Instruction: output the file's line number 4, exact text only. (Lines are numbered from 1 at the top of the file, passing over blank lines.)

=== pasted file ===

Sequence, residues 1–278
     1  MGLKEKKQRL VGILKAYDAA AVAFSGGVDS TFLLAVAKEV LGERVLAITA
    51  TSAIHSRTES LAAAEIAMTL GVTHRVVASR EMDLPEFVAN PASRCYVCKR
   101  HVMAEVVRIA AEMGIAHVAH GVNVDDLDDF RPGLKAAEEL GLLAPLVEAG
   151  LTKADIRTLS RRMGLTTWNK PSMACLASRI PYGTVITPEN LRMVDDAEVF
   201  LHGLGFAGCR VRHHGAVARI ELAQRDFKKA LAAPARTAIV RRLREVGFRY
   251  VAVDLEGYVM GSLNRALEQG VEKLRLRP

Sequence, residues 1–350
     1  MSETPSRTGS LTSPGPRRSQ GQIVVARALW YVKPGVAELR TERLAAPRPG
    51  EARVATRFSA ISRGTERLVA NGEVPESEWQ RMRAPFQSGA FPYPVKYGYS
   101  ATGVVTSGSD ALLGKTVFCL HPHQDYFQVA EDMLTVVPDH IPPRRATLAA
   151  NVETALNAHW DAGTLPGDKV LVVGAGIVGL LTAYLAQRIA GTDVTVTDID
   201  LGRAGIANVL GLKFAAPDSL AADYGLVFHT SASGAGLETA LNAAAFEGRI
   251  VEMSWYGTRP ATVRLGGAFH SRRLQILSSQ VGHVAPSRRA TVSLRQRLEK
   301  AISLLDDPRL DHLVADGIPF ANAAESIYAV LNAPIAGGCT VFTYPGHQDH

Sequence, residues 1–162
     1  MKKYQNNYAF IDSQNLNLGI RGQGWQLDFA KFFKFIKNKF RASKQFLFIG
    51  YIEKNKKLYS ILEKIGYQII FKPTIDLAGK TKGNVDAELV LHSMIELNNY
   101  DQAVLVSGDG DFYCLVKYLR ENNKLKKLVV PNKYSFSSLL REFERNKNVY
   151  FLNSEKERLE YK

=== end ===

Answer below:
   101  HVMAEVVRIA AEMGIAHVAH GVNVDDLDDF RPGLKAAEEL GLLAPLVEAG